Sunday, August 28, 2011

LouFest Day Two: Band-By-Band Reviews

Posted By on Sun, Aug 28, 2011 at 11:07 PM

  • Photo by Todd Owyoung

Old Lights Noon| Blue Stage By Kelsey Whipple

You can't just casually listen to Old Lights. You have to really listen. Buried beneath the charming stage banter and the neat, occasionally adorable melodies and the surf guitar and the joint poptastic choruses and frontman Dave Beeman's maroon stage pants are desperately sad lyrics born from past relationship disasters and gorging on an awareness of their own inner workings. This is a band rooted, at least lyrically, in heavy drama, and that alone finds it wading drastically different waters each show.

This one, the opening set of LouFest's second day, was not the group's finest. Despite some early technical difficulties, the band's lyrical content achieved an immediate eerie allure in the empty sun. Still, the set lacked the charm and finesse typical of Old Lights. Awkward stage banter transitioned into commentary on the band's recurring issues with broken guitar strings and empty spaces between songs. Lyrics such as, "I ain't singing 'Hallelujah' anymore," typical of Old Lights' beautiful sentiments, felt almost bitter when sung by a noticeably upset Beeman.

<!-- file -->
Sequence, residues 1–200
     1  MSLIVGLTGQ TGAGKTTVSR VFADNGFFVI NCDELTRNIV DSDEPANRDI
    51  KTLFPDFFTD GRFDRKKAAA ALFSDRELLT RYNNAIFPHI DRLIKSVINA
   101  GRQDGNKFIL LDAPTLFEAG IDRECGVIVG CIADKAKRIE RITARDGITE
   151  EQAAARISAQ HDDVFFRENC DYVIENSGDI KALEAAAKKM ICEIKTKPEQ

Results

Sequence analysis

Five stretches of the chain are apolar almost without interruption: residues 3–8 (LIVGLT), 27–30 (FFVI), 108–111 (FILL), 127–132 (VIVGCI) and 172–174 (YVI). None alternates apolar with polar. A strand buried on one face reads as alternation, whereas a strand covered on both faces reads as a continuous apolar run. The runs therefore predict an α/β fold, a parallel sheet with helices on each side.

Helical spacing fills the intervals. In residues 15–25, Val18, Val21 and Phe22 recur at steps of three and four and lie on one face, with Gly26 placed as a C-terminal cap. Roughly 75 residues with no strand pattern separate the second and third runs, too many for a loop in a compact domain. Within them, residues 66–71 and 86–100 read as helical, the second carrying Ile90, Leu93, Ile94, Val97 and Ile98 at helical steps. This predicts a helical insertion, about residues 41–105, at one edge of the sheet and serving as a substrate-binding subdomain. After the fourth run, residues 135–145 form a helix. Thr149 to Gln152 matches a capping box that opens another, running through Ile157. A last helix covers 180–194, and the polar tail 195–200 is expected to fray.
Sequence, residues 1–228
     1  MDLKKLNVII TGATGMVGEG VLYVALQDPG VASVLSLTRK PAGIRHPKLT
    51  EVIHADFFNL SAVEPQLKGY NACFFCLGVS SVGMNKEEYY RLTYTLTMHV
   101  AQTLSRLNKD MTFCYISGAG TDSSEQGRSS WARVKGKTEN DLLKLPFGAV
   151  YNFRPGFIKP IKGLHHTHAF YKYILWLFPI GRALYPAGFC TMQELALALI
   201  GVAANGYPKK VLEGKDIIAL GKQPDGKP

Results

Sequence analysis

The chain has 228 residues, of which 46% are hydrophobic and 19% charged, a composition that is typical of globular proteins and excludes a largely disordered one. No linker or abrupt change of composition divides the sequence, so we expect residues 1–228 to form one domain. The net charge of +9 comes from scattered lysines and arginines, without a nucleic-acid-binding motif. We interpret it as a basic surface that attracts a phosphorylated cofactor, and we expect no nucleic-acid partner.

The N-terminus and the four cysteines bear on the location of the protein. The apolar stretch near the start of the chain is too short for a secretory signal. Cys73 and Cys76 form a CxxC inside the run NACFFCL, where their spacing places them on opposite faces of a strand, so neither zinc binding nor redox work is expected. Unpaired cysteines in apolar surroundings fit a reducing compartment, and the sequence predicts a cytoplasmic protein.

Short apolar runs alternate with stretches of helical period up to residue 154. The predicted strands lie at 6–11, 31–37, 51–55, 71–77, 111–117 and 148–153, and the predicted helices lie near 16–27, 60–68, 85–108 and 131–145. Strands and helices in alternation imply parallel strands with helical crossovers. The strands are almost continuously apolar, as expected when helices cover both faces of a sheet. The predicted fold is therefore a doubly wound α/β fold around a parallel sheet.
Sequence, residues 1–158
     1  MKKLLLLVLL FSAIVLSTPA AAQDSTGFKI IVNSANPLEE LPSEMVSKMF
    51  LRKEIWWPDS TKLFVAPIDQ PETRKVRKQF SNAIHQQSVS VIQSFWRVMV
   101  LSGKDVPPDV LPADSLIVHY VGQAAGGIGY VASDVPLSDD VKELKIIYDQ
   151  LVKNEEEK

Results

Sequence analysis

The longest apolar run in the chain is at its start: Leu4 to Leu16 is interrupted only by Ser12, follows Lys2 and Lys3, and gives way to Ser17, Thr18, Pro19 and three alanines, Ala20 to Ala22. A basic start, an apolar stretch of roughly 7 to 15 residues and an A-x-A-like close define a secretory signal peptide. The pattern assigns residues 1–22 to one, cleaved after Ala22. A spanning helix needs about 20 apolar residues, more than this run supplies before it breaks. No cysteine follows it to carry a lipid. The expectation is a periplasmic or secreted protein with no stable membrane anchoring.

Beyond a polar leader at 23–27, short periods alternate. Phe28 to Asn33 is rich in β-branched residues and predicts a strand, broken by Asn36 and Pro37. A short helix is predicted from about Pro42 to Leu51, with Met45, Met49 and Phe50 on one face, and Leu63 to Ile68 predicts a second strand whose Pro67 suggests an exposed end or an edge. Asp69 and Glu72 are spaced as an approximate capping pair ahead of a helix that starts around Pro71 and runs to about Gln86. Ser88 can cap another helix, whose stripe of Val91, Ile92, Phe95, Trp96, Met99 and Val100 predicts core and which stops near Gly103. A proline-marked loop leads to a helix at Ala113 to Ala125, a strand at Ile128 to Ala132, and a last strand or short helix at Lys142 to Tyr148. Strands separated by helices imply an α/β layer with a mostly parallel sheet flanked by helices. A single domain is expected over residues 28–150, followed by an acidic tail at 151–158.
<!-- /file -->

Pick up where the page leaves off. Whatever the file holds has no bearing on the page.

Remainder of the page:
This isn't to say that the members of Old Lights didn't recover their fine-tuned rock chops in time to rally the troops. About 40 minutes into the band's hour-long exploration of new and old material, songs such as "Death Came," a gentle crooner focused heavily on Beeman's emotional content, found the band focusing on its performance instead of commenting on early technical flaws. "Apparently it's my first day ever tuning a guitar," Beeman commented at one point. "The Hold Steady didn't have this problem."